Interview: Aaron Sterns (Wolf Creek 2/Origin)

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SM.com was lucky enough to grab an interview with writer Aaron Sterns, co-writer of WOLF CREEK 2 and author of ORIGIN: WOLF CREEK.

Sit back and relax and take a read about these two subjects and definitely go and check them out!

Marcey Papandrea: Hello Aaron, thanks for taking some time out to have a chat with me, it is much appreciated! Getting right into it, Wolf Creek 2 – the long awaited sequel to 2005’s horror hit. When did you get involved with the film?

AaronSternsAaron Sterns: Right at its inception. Greg McLean and I shared a writing office at the time he wrote the first Wolf Creek, and being the horror guy I gave my thoughts on the script (as reward, I had a little cameo in the movie as one of the nasty truckdrivers in the roadhouse). Once the film was released, Greg and I threw around ideas for a sequel every so often until we hit upon something we thought was big enough to justify for Wolf Creek 2. So he sent me off to write it. Greg went off to direct his second feature Rogue (for which I was script editor), and a few other projects, but Creek 2 always stayed in the background. When he came back to the project we passed drafts back and forth until he and Screen Australia were happy, and then eventually came the magical moment I visited the set and saw characters I’d created years before strolling down a blocked-off highway (before eventually being slaughtered — which I felt a little guilty about, watching them).

M.P: What was the writing process like for the sequel? Did Greg Mclean have a clear idea of what he wanted with a sequel?

A.S: The treatment took a few months, but once the structure was right I actually wrote the first draft quite quickly (in a fever-dream two week stay at exec producer Matt Hearn’s Victor Harbor holiday house, cementing the South Australian connection). It’s all about getting that underlying structure right — which in Wolf Creek 2 is a sleight of hand influenced by the horror theory I’ve studied and taught surrounding the undermining of generic structures and playing with the audience. We wanted the sequel to be bigger and scarier, sure, but also not simply a rehash of the first movie. Instead, we could play with people’s expectations of how it will play out, then take a left turn and follow a different path.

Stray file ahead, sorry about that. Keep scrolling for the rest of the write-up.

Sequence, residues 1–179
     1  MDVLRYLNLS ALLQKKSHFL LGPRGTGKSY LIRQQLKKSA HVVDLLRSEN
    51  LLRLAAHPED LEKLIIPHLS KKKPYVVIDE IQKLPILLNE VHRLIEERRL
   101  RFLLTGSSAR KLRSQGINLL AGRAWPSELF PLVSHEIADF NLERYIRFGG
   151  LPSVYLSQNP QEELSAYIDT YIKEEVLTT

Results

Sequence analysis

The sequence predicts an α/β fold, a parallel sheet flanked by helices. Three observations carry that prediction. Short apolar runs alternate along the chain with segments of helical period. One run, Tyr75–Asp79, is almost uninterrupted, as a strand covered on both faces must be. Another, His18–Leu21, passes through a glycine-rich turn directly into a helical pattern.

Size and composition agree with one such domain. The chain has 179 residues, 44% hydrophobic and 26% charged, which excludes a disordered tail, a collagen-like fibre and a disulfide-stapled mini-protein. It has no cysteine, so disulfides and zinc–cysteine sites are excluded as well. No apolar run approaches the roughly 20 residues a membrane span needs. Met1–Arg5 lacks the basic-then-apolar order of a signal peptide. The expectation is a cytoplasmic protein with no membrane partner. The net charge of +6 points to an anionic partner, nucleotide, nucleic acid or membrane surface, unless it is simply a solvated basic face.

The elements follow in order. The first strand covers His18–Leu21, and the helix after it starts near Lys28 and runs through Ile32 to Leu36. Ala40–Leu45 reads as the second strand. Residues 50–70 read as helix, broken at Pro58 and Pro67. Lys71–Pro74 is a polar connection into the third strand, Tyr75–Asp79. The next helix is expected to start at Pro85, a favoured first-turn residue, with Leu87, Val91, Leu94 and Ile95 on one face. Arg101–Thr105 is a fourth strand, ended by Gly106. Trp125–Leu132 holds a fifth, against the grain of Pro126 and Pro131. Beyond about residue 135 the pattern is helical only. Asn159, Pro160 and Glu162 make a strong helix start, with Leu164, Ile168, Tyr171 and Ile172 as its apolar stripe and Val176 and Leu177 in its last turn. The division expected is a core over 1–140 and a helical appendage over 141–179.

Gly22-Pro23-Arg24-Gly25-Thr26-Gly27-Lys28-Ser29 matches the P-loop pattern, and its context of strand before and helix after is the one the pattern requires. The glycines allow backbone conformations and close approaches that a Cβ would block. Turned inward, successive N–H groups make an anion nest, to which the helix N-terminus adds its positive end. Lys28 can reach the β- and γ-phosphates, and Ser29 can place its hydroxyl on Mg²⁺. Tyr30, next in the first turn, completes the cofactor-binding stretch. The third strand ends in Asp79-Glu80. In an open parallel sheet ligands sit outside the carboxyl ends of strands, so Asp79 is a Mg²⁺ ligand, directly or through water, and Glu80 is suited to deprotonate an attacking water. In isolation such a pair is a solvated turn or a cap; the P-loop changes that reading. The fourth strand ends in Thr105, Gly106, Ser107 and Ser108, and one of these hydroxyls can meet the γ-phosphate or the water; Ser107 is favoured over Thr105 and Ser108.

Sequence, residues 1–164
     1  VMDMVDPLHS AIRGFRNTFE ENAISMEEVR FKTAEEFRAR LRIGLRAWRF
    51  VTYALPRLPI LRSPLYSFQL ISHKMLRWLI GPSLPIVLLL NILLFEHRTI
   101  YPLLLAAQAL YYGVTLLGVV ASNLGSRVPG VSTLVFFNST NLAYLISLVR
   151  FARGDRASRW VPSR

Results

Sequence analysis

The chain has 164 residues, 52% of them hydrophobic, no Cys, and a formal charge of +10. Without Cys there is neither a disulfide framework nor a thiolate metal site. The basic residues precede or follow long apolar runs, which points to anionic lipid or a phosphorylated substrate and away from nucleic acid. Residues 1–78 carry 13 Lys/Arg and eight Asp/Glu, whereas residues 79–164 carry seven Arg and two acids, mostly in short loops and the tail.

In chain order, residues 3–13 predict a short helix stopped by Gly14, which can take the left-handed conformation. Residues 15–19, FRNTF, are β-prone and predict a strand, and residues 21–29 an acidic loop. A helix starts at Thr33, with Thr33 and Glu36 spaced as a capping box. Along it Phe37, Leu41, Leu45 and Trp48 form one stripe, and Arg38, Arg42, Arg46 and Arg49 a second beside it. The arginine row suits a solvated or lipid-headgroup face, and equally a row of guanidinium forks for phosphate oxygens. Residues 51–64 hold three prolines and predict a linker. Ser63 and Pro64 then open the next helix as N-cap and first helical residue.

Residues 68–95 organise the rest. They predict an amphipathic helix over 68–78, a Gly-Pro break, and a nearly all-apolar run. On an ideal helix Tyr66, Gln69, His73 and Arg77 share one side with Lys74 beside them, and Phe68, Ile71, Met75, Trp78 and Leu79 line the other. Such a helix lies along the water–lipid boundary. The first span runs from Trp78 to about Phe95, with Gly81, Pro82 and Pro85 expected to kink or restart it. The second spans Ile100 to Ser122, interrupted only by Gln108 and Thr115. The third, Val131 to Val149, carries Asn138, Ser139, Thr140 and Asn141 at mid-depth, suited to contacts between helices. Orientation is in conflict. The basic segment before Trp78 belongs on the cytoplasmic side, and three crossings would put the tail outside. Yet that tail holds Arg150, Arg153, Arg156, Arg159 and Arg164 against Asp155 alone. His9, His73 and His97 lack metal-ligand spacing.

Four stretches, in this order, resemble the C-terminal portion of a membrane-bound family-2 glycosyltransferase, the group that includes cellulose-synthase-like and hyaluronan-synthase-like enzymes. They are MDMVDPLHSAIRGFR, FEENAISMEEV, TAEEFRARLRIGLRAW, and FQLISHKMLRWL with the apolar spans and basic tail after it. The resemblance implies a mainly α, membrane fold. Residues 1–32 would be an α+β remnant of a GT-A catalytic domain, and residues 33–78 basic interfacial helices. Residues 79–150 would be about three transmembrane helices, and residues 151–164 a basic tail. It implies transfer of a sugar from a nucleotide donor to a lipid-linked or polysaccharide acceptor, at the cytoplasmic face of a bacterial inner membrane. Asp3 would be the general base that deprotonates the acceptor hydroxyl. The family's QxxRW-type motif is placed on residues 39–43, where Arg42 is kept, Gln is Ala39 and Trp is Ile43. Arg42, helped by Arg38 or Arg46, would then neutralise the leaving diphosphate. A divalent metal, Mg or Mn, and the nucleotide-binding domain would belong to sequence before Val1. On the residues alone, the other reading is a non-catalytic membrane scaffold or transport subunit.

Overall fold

M.P: The film (no spoilers) is very different from the original, the formula changes. Were you both concerned about changing things up – or did it feel the right thing to do to distinguish the sequel from the original?

A.S: Everyone knows (or should know) coming into Wolf Creek 2 that the first movie languidly follows three backpackers who encounter a seemingly-helpful outback bloke who drugs them and attacks them one by one in his camp. Hopefully people expect that formula, because we set it up similarly (following a pair of backpackers) then discover they’re not our real focus.The very structure is a gamble, but I feel it sets this movie apart from other sequels that try to recreate the success of the original. And Mick Taylor’s in it a hell of a lot more.

M.P: John Jarratt is extremely scary and somehow a very fitting actor as Mick Taylor. Did he have much of a role in terms of the creative process for the film and for Mick?

A.S: Well, in the early days it was just myself and Greg. However, I know in rehearsals John brought a lot to the role and improvised quite a bit of the diaologue. No one knows outback vernacular as well as John. He did contribute a plot point in the film too — I had Mick driving a banged-up ute after Paul following the siege at the farmers’ house, but John hit upon the idea of Mick commandeering a horse and then “whipping the shit outta Paul”. I thought that was a cool addition and threw it in.

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M.P: Moving on to the book, Origin – Wolf Creek is the first of what we hope to be many Mick Taylor stories. How did this all come about? Personally at Oz Horror Con last year I was pleasantly surprised to find out about the book series!

A.S: As far as I know, Penguin Books Australia initially approached Greg about novelising the films, but then the idea that the novels could be a series of prequel stories was floated (which is an unprecedented venture in Australian horror film and fiction). Being the co-writer of the film — but also a fiction writer as well — naturally Greg approached me first, as no one knows Mick Taylor better outside of himself and John. I initially refused as I was working on my own novel at the time, but then I realised it was a great opportunity to not only write a great Australian serial killer novel (which I’ve always had an interest in), but a standalone great Australian Gothic novel that could have an impact whether you’ve seen the film or not. So I said I’ll take the origin story, as that’s the juiciest.

M.P: How much did you have to work with in terms of structure and background information for Origin? Did you come up with Mick’s early years backstory?